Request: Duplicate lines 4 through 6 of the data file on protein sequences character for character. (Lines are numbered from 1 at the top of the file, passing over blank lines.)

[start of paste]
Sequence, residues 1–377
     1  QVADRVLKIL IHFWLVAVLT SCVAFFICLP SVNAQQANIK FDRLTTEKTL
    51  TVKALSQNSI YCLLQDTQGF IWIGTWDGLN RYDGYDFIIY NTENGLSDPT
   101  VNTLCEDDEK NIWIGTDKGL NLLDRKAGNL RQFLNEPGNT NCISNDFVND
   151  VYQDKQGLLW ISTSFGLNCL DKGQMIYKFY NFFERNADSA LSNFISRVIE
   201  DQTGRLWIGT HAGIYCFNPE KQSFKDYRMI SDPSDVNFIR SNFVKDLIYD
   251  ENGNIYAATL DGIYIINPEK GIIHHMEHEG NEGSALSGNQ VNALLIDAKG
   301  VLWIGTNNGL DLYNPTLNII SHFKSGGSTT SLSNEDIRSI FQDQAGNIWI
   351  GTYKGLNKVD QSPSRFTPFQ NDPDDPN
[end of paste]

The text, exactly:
   101  VNTLCEDDEK NIWIGTDKGL NLLDRKAGNL RQFLNEPGNT NCISNDFVND
   151  VYQDKQGLLW ISTSFGLNCL DKGQMIYKFY NFFERNADSA LSNFISRVIE
   201  DQTGRLWIGT HAGIYCFNPE KQSFKDYRMI SDPSDVNFIR SNFVKDLIYD